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Giving Expectant Moms the Gift of Touch

Paula Termini wishes every expectant mother could receive the stress-reducing benefits of massage. But those who could really use it the most—women struggling under socioeconomic disadvantages, with young children already at home and little support—are usually the last ones to get it.

In August, Termini concluded a yearlong project funded by the Massage Therapy Foundation, to provide massage therapy to poor, mostly Hispanic, pregnant women in Holmes Beach, Florida.

“I’d like to take information from the work I’ve done and go to the American Association of Labor and Delivery Nurses, and report on what the experiences have been for these women,” Termini says. “To use it as a form of education for the doctors and the midwives and nurses, about how beneficial massage is for [pregnant] women.”

The $4,058.50 foundation grant, awarded in 2005, allowed Termini to provide 64 massages for her target clientele; purchase lotions, a body cushion and pay for laundry; and to rent a centrally located office one day a week.

Her referrals came mostly through the local Healthy Start Coalition, which works with low-income women and their young children.

“Have these women ever received this much undivided attention in their lives? No, never,” says Termini, a former labor-and-delivery nurse who does community outreach and maintains a full-time perinatal massage practice.

The massage recipients were each given a stress-evaluation form at the beginning and end of their massages, indicating their stress levels on a scale from one to five. “In the beginning they are a four or five,” Termini says. “At the end of the massage, they say they are a one or a two, and float on out.”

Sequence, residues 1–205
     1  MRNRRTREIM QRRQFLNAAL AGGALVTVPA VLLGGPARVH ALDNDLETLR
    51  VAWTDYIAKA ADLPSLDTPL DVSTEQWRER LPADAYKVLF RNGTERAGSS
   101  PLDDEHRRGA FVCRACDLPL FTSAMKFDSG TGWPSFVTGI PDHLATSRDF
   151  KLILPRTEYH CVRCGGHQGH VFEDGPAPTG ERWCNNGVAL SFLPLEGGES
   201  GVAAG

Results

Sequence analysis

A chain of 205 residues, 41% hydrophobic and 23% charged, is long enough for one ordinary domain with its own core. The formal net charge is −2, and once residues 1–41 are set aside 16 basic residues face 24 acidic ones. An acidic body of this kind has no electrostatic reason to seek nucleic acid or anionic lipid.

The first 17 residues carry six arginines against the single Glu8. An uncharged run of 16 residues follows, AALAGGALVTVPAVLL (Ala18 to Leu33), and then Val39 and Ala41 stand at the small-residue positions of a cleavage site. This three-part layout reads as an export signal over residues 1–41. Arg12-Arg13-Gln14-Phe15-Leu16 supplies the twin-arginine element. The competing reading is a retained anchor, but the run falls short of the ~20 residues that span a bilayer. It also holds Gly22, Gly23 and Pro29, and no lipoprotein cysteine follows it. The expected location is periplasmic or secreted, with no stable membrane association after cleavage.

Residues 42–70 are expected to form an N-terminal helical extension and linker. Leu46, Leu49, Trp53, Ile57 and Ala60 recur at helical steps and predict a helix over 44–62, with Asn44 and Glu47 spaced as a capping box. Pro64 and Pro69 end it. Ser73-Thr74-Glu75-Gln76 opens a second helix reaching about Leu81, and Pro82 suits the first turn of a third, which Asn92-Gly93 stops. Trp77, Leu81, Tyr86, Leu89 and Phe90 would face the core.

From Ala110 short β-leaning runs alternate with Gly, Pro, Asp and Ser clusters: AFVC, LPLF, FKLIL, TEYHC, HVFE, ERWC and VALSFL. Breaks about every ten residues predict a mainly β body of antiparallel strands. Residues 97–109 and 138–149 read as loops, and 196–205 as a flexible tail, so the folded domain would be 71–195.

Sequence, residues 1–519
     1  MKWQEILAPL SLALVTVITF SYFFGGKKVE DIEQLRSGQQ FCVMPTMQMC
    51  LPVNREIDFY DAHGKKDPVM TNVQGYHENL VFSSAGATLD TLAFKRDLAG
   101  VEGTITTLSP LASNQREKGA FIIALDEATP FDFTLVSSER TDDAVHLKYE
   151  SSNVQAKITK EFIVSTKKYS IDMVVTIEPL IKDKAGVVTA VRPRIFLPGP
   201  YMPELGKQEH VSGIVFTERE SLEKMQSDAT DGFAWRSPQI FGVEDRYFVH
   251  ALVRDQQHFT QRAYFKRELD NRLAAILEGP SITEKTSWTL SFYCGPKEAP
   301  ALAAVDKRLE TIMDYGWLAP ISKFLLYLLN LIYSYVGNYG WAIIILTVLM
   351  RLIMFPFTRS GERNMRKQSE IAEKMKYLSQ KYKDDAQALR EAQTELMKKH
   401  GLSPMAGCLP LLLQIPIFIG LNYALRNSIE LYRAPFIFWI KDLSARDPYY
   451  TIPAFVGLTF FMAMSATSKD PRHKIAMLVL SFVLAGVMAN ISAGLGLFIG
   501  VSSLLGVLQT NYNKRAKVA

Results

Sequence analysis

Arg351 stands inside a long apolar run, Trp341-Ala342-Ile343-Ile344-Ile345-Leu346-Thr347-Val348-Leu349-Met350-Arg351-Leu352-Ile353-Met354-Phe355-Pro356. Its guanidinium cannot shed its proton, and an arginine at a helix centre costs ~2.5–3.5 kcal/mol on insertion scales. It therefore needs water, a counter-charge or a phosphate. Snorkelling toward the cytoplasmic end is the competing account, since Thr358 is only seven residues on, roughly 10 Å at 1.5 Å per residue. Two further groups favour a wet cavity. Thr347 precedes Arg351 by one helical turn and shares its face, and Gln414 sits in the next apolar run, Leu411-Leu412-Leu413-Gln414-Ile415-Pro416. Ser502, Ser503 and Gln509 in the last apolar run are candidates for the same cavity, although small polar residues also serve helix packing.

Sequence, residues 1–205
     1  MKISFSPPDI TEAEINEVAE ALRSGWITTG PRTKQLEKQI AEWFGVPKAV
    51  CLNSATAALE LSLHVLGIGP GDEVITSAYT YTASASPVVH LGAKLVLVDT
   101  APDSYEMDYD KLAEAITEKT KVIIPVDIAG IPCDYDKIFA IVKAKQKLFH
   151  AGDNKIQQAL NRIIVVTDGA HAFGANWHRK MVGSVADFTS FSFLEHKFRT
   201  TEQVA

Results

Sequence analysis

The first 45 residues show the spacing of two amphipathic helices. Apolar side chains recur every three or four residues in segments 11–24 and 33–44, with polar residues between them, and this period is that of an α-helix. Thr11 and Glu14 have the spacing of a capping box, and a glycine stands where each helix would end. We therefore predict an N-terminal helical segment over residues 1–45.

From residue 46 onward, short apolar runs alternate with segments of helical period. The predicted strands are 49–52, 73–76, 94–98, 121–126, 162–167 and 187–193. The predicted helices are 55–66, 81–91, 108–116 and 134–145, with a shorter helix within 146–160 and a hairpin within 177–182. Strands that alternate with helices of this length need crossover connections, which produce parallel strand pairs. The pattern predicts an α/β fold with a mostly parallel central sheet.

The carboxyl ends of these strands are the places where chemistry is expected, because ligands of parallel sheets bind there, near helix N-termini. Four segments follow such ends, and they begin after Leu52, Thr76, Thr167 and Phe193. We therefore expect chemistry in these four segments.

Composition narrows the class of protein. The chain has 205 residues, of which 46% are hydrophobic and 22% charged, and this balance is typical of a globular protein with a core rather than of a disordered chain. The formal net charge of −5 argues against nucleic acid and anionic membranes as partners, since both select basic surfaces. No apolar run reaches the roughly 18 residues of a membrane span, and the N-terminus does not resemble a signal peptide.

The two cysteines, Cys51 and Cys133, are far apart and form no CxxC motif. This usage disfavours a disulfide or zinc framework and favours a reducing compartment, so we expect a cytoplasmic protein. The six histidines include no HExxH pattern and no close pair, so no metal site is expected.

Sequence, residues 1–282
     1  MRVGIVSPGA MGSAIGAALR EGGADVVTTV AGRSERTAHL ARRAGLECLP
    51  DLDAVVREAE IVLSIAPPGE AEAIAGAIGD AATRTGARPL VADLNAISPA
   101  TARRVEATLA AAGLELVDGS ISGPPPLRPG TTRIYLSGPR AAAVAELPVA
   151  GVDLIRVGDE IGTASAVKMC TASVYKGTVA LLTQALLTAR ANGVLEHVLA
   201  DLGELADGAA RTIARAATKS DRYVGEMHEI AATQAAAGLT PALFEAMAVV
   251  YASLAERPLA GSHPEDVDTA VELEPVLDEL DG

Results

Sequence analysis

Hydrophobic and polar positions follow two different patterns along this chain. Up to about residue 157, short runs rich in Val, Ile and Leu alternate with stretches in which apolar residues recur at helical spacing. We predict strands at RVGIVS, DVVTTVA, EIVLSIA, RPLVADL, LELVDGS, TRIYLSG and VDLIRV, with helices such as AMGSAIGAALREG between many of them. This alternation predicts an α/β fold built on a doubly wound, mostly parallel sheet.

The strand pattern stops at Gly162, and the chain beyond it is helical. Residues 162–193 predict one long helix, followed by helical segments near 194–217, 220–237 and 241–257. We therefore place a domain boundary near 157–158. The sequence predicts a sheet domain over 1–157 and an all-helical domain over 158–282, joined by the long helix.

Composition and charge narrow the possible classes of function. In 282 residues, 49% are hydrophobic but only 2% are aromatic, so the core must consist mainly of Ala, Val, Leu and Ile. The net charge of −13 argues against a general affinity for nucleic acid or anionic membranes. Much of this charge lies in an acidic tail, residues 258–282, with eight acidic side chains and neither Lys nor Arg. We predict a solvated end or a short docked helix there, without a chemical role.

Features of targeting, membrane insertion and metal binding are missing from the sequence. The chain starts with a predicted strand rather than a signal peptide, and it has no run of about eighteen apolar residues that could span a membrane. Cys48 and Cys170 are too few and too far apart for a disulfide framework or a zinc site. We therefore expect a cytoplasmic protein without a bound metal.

Although she originally intended to provide one massage each for 64 different women, “Early on I found out, first, that the moms loved it, but also the real value of repetitive massages during pregnancy; sciatica was eased, carpal tunnel was eased,” Termini says.

“Some [came] back over a period of two and three months, and one woman came very two weeks for four months,” she adds.

After seeing Termini, who uses lavender oil at the beginning her massages, one client started using lavender oil at home. “She uses it with her son to calm him down. She says she lets everything go now; she used to be anxious and high-anxiety. But when she starts to feel uptight, she smells lavender [oil] and it relaxes and calms her,” Termini says.

Another client, who wasn’t due to deliver for two weeks and was under a lot of stress, came in for her first massage and promptly fell asleep for two hours.

“Many of the women were quite stressed out and had other issues—they have other children also—and were open to trying out the massage. This made them have a more positive outlook. It really made a big difference,” says Ingrid Dorion, a caseworker with Healthy Start.

Termini planned to continue seeing some of her clients through their pregnancies, even after the grant ended. She says she’d love to continue to bring massage to this population of women, as “there’s really a need for it.”

— Kelle Walsh